The Baby and the Wash

Some have coined such expressions as, "Throw the baby out with the wash," "Lean over backwards to stand up straight," and various other ones to describe what is conceived as an over reaction to a situation or philosophy. Perhaps in the church those who practice that phenomenon may be called "ultra-conservative." At any rate, although labels such as "liberal" and "conservative" may be dangerous, deceitful and divisive, there is little doubt that most of us use various labels to identify things and persons in some fashion. Without trying to attach an opprobrious label to anyone, I think it might be helpful to suggest one or more areas where it seems that some brethren have done disservice to "the baby," and perhaps not even eliminated the dirty wash.

Since there has arisen in the church various aspects of the "Pentecostal movement," such as tongue speaking, direct operation of the Holy Spirit in conversion, there are those who have taken the position that if God does anything in answer to prayer, this would be a direct operation of the Holy Spirit and the idea must be condemned as false doctrine. Some attempt to modify that idea by saying, "God may providentially do some things," but they seem unable to explain exactly what they mean by that.

There should be a clear distinction between a miracle that was apparent to all who saw it that it was a miracle, and God acting directly on a situation and causing something to happen that would not otherwise have happened. For example, when I pray for a sick person, I see nothing strange or wrong with praying that God heal the sick person. If God does it, I have no way of knowing that He did, so it is not a miracle in the Bible sense. However, it does not solve the problem to pray that God will bless the doctor, the nurse, the medicine, and all means that are used and still deny that God does anything. It is no more a miracle for God to heal the sick person than it is to bless the doctor's hands that they may do something that they would not have done otherwise.

When God "providentially" got Moses' mother to put him in the ark and got Pharaoh's daughter to come down to the river at the same time Moses drifted to the spot, He was acting, just as surely as He was acting when He turned the river into blood. However, the first was not a miracle as the second was, for no one could tell that God had anything to do with the first situation. How He got Moses down there at the right moment without anyone seeing His hand in it, or without overruling the will of anyone, we do not know. This is why we have used the term, "providence." However, by the use of that term, we do not have to deny that God is still active in the affairs of men. To do so would, in terms of this article, be throwing the baby out with the wash.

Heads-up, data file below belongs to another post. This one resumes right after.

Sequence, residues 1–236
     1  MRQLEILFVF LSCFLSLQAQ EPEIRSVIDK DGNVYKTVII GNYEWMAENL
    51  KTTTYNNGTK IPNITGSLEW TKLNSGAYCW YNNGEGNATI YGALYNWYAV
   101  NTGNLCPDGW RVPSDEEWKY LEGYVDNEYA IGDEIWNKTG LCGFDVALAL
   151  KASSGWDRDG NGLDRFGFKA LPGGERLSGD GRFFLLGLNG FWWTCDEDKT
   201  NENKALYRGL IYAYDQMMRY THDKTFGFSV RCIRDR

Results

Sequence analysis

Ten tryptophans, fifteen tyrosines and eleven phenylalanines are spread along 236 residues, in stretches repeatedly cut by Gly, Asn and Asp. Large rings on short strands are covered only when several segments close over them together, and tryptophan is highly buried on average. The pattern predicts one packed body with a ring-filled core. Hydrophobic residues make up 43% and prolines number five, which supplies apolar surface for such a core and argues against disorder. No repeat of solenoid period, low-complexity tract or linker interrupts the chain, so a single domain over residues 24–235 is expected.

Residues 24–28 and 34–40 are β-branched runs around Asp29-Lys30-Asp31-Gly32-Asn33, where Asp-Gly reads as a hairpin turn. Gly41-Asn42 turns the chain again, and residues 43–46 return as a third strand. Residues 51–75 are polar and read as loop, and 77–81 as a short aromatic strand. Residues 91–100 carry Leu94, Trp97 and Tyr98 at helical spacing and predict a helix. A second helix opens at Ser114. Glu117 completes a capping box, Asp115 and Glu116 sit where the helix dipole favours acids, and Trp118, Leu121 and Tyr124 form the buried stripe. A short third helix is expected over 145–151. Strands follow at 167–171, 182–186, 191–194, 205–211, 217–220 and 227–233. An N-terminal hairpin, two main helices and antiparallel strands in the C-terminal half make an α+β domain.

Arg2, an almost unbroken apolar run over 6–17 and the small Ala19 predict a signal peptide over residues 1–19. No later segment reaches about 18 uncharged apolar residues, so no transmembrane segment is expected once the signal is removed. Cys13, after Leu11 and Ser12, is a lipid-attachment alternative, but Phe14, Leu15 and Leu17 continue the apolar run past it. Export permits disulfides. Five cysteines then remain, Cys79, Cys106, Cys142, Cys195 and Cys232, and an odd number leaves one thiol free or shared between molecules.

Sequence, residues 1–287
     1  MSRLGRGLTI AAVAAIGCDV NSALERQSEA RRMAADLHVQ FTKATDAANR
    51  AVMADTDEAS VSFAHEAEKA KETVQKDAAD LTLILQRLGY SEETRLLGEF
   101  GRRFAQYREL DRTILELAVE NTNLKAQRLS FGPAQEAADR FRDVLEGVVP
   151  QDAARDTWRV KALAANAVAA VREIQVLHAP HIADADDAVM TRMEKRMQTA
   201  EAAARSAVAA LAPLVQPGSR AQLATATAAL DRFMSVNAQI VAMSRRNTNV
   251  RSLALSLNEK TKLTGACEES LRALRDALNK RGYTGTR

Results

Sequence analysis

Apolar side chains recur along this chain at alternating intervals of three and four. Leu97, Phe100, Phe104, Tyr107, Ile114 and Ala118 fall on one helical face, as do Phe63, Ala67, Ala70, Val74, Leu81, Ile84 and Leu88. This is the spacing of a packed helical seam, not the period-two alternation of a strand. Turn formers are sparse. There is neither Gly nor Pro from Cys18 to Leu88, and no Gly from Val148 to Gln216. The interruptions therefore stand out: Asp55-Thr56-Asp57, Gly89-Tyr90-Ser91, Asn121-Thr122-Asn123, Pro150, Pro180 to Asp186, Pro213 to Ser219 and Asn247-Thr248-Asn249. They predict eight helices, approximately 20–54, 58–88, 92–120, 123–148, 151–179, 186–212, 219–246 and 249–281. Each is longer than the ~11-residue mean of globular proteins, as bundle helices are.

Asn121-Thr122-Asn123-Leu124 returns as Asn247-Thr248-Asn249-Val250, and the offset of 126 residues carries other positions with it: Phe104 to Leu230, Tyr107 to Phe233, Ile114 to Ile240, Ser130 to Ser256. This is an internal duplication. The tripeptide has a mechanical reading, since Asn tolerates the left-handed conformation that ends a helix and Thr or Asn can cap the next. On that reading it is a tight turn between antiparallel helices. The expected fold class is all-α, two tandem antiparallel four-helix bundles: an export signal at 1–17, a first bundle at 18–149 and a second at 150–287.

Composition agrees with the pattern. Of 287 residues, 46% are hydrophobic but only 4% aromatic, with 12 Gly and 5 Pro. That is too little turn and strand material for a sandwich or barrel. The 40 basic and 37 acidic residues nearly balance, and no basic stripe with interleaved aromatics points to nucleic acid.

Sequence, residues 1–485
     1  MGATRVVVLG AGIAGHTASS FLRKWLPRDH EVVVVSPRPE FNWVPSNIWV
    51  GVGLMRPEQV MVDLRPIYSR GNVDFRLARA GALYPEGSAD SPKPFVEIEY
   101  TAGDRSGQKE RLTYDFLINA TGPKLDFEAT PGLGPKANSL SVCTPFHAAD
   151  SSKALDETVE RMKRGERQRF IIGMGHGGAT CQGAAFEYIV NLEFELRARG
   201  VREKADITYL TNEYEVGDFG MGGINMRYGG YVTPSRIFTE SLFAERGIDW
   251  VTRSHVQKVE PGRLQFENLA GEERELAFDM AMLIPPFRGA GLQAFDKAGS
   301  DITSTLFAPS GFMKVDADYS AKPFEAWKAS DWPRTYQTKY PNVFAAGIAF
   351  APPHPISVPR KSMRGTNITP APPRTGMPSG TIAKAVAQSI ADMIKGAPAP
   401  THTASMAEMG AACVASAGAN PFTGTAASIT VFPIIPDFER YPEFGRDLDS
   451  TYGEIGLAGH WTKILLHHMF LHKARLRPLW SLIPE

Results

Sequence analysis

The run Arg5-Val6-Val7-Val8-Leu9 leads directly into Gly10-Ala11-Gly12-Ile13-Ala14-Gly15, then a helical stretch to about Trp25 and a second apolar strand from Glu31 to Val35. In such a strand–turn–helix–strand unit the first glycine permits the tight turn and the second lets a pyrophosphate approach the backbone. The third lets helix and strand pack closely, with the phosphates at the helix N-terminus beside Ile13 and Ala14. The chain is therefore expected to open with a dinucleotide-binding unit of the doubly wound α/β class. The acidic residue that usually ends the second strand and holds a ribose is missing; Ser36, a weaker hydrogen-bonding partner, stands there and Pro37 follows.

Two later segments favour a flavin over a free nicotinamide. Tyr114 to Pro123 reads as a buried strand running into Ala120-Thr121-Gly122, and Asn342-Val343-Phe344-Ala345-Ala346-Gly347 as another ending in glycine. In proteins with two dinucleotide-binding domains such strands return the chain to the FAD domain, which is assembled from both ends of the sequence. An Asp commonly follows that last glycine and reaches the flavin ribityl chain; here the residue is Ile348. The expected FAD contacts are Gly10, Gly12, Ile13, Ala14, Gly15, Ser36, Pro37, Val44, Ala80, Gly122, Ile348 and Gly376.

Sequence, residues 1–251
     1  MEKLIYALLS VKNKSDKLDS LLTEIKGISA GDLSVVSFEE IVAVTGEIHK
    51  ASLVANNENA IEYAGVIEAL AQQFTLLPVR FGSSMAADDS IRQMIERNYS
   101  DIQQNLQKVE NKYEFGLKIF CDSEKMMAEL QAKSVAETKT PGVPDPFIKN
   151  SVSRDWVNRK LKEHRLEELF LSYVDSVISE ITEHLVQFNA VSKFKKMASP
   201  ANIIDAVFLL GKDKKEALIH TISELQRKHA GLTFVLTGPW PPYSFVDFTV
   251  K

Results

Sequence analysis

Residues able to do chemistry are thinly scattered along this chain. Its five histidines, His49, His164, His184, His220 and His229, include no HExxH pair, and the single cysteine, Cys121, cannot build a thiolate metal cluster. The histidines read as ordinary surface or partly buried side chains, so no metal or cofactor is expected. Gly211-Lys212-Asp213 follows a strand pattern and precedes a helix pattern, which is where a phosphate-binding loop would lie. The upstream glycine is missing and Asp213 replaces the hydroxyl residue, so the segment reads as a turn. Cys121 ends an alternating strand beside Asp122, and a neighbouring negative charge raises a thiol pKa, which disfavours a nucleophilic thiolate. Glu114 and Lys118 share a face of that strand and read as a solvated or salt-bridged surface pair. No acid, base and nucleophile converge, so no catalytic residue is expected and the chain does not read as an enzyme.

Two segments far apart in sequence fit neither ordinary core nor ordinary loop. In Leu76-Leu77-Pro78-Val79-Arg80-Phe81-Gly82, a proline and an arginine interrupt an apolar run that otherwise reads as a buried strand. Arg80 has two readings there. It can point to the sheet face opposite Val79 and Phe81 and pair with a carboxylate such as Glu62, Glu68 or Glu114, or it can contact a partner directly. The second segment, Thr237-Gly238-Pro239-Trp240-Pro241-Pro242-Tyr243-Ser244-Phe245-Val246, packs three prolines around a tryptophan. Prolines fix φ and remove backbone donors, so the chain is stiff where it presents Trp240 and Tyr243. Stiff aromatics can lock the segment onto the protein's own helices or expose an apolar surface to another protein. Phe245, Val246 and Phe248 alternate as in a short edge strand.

There is another area where it is possible that some of us are trying to throw the baby out with the wash. We have a group in the church who see nothing wrong with accepting as a Christian brother anyone who claims to accept Jesus as Lord. It matters not that they have neither understood nor obeyed the gospel. This ungodly, unscriptural practice has led some brethren to so react as to stigmatize and ostracize any who would say a good word about some denominational preacher or practice, or even be courteous to their members. To them, the expression, "Have no fellowship with the unfruitful works of darkness, but rather reprove them" means that you sin even if you play golf with a denominational preacher. If you do not call a specific denomination by name when you point out some false doctrine, you are presumed to be a liberal, compromising the truth.

The baby still needs to be washed, and the dirt eradicated. We just need to be careful that we do not do more harm than good by the way we respond to situations. Jesus was teaching approximately the same thing when he gave the parable of the tares and the wheat. He did not mean that we are to disregard the tares and pretend that they are not there, or that they are as good as the wheat. He did include the idea that we are to be careful that we do not root out or trample down the wheat as we get rid of the tares. We are not to get rid of them in the sense that the Roman church got rid of heretics -- by burning them at stake, or otherwise killing or persecuting them. We are to have no fellowship with them as brothers in Christ, but we are not to take vengeance on them or punish them as God alone has the right to do, and will do in the judgment day.

T. Pierce Brown

Published in The Old Paths Archive